Burnet County adopts tax rate

By Lew K. Cohn

Managing Editor

Burnet Bulletin

Burnet County commissioners voted unanimously to adopt the same tax rate the county had last year — 0.3969, or 39.69 cents per $100 valuation — at Tuesday's regular court meeting at the Burnet County Courthouse.

Commissioners also voted unanimously to adopt a $37,634,576 budget for fiscal year 2018. The budget includes a last-minute increase of $1,400 for Veterans Service Officer Bill Worley after commissioners voted unanimously to increase his contractual pay from $13,000 to $14,400.

The 2018 tax rate includes a tax rate of .3149 or 31.49 cents for general fund expenditures; a tax rate of .0402 or 4.02 cents per $100 valuation for debt service and a tax rate of .0418 or 4.18 cents per $100 valuation for road and bridge expenditures.

“We have been able to lower the tax rate to go with the effective rate for the past couple of years, but because of unfunded mandates placed on us by the state, we will have to keep the tax rate the same as last year,” County Judge James Oakley said. “This will result in a four percent increase overall above our effective tax rate this year and it is with some heartburn that we do this.

“I feel like Burnet County and other counties and cities are in the same position of trying to fund these requirements placed upon us by the state that give us very little latitude over how we build our budget.”

The tax rate is expected to generate an additional $1,546,424 in revenue, of which $585,081 comes from new construction being taxed for the first time. That means the county will generate an extra $961,343 from its existing tax base due to an increase in property values overall.

The proposed budget includes general fund expenditures of $18,325,867, an increase of $1,082,316 more than the $17,243,551 budgeted for fiscal year 2017, as well as an increase of $2,211,334 in county jail expenditures from $8,438,933 to $10,650,267. Overall, expenditures are expected to increase $3,091,445 from $34,543,131 in fiscal year 2017 as the county will see some decreases in road and bridge funding in each of the four road and bridge precincts.

Oakley has previously said the county has found itself hamstrung by a number of unfunded mandates placed on it by the Texas Legislature, especially with the passage of Senate Bill 1913, which “limits the county's ability to collect fines and fees,” Oakley said.

Senate Bill 1913, which went into effect Sept. 1, claims to give judges more flexibility in setting lower fines for people who commit certain fine-only offenses, such as failing to pay a parking or speeding ticket. Judges would also be required to evaluate whether a person has the ability to pay a fine and the bill would then give judges discretion to allow offenders to pay fines in increments or through community service. It also would stop counties from requiring jail time in lieu of payment for offenders who cannot pay fines.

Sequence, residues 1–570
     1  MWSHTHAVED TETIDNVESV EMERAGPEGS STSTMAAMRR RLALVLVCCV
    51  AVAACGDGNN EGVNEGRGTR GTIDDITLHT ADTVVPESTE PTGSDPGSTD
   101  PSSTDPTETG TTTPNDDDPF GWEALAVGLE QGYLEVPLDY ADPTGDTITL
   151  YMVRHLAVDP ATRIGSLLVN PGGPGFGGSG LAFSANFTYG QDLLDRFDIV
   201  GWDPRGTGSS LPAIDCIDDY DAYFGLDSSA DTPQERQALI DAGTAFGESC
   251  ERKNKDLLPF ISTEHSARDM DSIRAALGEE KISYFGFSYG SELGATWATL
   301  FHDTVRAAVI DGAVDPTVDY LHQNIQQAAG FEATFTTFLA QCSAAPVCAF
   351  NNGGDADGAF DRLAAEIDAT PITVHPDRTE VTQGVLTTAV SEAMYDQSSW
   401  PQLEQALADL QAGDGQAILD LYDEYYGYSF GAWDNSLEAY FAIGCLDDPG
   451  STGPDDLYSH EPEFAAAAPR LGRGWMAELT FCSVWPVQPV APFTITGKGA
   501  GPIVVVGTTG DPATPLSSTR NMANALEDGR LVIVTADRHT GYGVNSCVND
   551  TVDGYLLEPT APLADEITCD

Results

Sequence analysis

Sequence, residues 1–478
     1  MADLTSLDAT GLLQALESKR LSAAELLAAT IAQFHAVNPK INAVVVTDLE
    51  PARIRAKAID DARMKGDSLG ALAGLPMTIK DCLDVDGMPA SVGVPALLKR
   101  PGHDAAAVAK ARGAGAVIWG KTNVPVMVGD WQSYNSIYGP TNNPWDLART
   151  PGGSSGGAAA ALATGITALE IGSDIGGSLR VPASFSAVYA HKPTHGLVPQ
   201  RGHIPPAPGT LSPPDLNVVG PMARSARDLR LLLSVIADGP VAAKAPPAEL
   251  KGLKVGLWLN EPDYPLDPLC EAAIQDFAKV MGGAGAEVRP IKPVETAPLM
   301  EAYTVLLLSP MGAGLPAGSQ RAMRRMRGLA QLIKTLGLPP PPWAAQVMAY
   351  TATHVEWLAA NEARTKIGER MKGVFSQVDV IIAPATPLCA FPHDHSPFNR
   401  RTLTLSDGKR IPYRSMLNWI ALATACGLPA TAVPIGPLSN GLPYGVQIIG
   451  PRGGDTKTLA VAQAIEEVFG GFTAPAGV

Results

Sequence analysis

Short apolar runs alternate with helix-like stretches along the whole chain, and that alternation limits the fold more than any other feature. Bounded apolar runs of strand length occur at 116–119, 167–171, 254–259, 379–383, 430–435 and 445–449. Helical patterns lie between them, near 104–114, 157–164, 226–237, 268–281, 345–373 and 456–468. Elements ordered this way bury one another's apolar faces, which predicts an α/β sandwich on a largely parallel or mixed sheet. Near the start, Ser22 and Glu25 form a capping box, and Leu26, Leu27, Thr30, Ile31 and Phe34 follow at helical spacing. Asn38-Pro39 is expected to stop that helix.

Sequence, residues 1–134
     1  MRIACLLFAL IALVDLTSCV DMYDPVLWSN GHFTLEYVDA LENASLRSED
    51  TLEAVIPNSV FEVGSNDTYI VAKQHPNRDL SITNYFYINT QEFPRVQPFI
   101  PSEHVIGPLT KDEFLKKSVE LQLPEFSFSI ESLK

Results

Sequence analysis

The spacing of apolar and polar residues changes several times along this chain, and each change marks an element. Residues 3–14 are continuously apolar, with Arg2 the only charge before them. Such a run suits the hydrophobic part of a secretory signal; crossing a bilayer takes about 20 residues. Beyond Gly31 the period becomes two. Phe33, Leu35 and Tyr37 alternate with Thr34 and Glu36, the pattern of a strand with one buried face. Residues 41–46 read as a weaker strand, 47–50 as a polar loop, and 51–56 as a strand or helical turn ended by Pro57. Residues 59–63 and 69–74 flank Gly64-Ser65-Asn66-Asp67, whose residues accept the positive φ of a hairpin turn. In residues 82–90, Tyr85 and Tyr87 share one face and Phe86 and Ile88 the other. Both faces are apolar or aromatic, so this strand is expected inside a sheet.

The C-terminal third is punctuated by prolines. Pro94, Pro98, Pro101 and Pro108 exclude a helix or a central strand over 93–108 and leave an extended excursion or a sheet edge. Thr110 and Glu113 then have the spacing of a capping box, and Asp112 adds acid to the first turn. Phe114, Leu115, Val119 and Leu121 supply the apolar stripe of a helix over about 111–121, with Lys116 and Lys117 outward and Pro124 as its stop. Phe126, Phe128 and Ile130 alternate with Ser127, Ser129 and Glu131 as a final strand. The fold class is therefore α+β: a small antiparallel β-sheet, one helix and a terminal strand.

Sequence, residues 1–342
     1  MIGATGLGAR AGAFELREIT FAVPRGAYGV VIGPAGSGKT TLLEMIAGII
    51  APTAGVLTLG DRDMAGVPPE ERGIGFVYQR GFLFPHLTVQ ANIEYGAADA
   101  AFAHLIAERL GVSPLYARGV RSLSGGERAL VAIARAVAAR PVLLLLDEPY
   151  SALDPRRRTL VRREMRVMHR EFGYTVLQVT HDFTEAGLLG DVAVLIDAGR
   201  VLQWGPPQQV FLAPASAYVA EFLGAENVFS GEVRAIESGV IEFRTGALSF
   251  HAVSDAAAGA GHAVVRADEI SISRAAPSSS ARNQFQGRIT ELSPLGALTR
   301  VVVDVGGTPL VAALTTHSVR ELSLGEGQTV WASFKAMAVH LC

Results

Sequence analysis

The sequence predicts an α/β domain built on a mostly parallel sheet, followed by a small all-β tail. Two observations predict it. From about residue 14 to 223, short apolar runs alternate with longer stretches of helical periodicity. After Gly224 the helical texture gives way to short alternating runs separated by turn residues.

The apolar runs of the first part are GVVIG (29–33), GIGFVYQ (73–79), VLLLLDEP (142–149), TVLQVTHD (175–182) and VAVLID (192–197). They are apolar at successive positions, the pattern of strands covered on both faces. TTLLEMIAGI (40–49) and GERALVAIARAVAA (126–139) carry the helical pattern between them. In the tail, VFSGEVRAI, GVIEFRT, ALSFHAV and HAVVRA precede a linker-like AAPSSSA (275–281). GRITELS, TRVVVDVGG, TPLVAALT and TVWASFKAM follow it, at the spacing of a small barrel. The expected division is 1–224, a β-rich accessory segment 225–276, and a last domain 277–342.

“This is going to create a $326,000 drop in revenue for the county right off the bat,” Oakley said. “It is seriously going to limit our ability to collect fines and fees.”

Oakley said the county also has seen a nine-percent increase in health insurance premiums for county employees, which should add up to an extra $276,000 in cost to the county. Last year, the county had to budget for a five-percent increase in costs, meaning this new increase is expected to be nearly double what the county saw in fiscal year 2017.

The county also has agreed to give all employees a two-percent cost of living adjustment, which Oakley said is primarily being given to help county employees pay for increases to their health insurance premiums for their dependents.

Another increase of $97,000 in expenditures is budgeted for inmate mental health at the Burnet County Jail in wake of Senate Bill 1849, also called the Sandra Bland Act, which forces county jails to divert people with mental health and substance abuse issues into treatment programs and opens up release on a personal bond to individuals suffering from mental illness or an intellectual disability.

Bland, a 28-year-old from Illinois, died in the Waller County Jail in 2015 following a traffic stop in a case which made national headlines as an example of someone suffering from mental illness being mistreated by law enforcement.

Oakley said the county also has taken the step of budgeting an additional $75,000 in anticipation of an increase in court-appointed attorney fees. The county has seen an increase in expenditures every year for a while in this area and the majority of cases in which court-appointed attorneys are needed involved Child Protective Services.

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